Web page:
But still, rides over the Bwlch (and Rhigos) usually lend themselves to stories and memories. Like the time I first rode over both in 1990. Leaving Swansea in a massive tailwind, I flew over the warm-up climb of the Cimla and was blown up the Afan valley. By Blaengwnfi the sky had turned black. Rain turned to snow by the Rhigos. Rounding the hairpin, I could see only white, the snow blasted into my face. Into a gale, I struggled through the 5 miles to Glynneath. There, I stopped under the by-pass to eat a Mars bar (that was 90s nutrition) before carrying on up over the hill to Seven Sisters and back down the Swansea Valley. By the time I was back at Hendrefoilan student village, the rain had stopped, the wind died, and the sun shining. Typical. But probably one of my first epic rides in the valleys. In the days before the internet, I didn't need Strava's suffer score to tell me how to remember that ride.
In south Wales cycling, the Bwlch needs no introduction. Mention the Bwlch and everyone knows where you are talking about, even though it just means a pass or col. Imagine saying to someone in the Alps that you went over 'the col' - which one they'd ask. The only qualifier to saying you went over the Bwlch would be which way - for there are 3 different ways. Graham Robb explains this problem in his excellent 'Cols and Passes of the British Isles'. Its thanks to the Tour de France, Robb argues, that col has become shorthand for mountain, when really its just referring to a gap between two mountains. Its the same for the Bwlch too: the mountain we know as the Bwlch actually has three bwlchs in close proximity. Most probably imagine Bwlch y Clawdd as the Bwlch. But as one chap said to me disparagingly: "most people don't go to the top of Bwlch", by which he was referring to the 100m higher Bwlch yr Afan - sort of like carrying on to the Col de la Croix de Fer after completing the Col du Glandon. Which probably proves Robb's point: even in Wales, rather than a 'mynydd', bwlch has come to define a mountain to cyclists.
Definitions to one side, the three routes up the bwlch(s) offer challenging terrain. The classic ways are all different. From the south, the steep section is from the clock tower in Price town, but the lush pasture, forest, rocky cliff face and hairpin give it the sense of the alps. From the north, the shadow comes not just from the mountain but the Rhondda's industrial legacy. And from the west a more sparse, empty and desolate experience.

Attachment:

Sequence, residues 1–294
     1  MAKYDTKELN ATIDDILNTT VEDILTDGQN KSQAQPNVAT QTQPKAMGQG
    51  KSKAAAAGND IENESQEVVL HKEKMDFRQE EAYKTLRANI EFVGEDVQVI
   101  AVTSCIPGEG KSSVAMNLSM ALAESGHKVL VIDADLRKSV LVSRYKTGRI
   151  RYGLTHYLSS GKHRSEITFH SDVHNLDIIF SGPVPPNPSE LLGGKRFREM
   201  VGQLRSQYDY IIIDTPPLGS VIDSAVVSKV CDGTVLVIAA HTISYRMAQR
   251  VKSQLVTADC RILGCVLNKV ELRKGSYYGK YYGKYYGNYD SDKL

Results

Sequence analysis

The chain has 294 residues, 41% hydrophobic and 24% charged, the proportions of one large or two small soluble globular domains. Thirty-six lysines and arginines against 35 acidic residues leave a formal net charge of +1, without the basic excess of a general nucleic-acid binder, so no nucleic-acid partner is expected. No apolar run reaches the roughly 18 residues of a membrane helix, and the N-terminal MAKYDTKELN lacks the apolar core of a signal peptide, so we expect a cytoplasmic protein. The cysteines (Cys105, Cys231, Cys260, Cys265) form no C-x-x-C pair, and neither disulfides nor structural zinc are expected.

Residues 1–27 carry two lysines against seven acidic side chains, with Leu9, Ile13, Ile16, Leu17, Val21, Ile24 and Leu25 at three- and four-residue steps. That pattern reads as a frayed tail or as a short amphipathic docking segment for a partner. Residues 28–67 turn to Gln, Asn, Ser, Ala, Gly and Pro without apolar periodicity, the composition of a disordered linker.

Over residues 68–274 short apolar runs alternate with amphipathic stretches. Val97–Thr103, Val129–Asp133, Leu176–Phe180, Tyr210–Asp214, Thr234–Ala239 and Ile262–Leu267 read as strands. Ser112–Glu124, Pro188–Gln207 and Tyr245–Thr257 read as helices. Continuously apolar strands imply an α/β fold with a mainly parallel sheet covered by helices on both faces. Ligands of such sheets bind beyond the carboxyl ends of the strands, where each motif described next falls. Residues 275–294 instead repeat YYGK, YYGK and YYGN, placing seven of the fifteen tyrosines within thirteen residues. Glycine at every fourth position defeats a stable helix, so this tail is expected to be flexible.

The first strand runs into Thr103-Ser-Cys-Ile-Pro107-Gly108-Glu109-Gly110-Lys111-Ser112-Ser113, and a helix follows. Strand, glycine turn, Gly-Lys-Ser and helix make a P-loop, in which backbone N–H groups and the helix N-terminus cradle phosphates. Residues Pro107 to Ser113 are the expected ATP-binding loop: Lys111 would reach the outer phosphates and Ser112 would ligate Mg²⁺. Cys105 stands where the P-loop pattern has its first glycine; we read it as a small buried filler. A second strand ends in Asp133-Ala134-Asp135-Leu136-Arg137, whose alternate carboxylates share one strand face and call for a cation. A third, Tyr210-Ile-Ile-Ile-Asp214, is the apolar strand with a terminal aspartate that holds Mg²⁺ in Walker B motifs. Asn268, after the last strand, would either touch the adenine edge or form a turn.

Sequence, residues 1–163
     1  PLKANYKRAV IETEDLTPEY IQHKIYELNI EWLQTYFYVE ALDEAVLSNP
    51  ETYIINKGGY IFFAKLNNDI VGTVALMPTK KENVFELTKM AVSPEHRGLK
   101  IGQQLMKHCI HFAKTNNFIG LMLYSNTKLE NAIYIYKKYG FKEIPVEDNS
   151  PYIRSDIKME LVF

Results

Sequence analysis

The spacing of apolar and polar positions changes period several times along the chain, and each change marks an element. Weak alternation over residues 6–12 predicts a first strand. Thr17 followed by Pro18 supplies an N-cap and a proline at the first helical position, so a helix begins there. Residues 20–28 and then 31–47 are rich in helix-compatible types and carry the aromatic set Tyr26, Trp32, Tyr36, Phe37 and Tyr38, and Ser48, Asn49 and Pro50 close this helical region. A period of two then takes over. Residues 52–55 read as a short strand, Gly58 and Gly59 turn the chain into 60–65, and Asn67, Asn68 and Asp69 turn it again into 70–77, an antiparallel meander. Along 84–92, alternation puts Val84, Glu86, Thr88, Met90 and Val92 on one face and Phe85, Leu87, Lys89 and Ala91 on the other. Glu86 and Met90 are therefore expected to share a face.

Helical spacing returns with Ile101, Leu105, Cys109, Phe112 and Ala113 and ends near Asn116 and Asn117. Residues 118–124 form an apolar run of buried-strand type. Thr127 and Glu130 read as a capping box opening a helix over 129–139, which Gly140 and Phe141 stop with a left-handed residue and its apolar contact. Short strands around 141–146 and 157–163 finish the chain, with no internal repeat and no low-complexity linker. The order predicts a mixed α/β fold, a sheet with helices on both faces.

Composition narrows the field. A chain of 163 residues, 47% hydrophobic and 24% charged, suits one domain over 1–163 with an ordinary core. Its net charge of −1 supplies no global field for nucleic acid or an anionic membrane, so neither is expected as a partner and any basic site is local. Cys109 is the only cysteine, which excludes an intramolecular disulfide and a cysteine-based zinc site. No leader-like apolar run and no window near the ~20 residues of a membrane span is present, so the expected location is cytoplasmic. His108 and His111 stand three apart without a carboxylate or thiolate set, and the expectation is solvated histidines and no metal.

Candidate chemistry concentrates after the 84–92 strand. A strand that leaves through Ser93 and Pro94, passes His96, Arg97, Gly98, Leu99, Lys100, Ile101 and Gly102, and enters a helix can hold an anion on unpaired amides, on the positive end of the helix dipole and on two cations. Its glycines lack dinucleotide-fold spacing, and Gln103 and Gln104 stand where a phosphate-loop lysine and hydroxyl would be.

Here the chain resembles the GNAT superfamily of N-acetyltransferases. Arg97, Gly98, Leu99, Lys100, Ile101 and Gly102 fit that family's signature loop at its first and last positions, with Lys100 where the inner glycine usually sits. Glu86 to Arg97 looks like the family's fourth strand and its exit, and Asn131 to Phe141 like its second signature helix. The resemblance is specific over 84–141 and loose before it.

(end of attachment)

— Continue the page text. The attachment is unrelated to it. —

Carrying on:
But wait. Did I say 3 routes up the 'bwlch'? Make that 4. Yes, just like Mont Ventoux, there are four (possibly more) ways up (what we call) the Bwlch. The fourth way up - just like Ventoux's - is off road. From Treorchy, head straight on to Cwmparc rather than the road to the north face. By the baptist church take a right up a steep street, before turning right onto the forest road through Tyle Coch. The forest road twists its way over the ridge of Graig-fawr. Turning left you can rejoin the main road at the hairpin on the western ascent by Bwlch yr Afan. Or turn right to go up through the new wind farm and the summit of the Rhigos (which perhaps to the aghast of many, isn't listed in Robb's book as a col, bwlch or pass).
You can see the route at the top of the map marked in white. Strava says that the climb is 4.4km at 5% - or more like 6ks if you include the first part of the climb on the road. In numbers, thats similar to the other ways up the Bwlch. But what is it like to ride?
I had to wait a couple of weeks to try. Resisting the urge to do it in snow, I waited until the weather looked better. I took the quickest way to Cwmparc at the base of the Bwlch. Sunny in Cardiff, by Treorchy it was raining. Things werent looking promising for the ride I had planned. Still raining, the first part of the climb proved to be the hardest - first in the streets of Cwmparc, particularly after turning right by the Baptist church, and then the early off-road sections. At this point, the sun returned and I found myself riding through the clouds.
The secret road to the Bwlch
More loose stone than gravel, the climb was relatively easy, punctuated by a few short descents. Emerging from the woods, a plateau affords a fantastic view of the Bwlch and Rhigos road climbs.
Above: Looking over to the Bwlch
Below: In the opposite direction the Rhigos
The rest of the forest road would have to wait (perhaps for a better bike and/or wheels). But so would the 5th way up the Bwlch: in planning my ride I found another way to the Bwlch from Clydach Vale.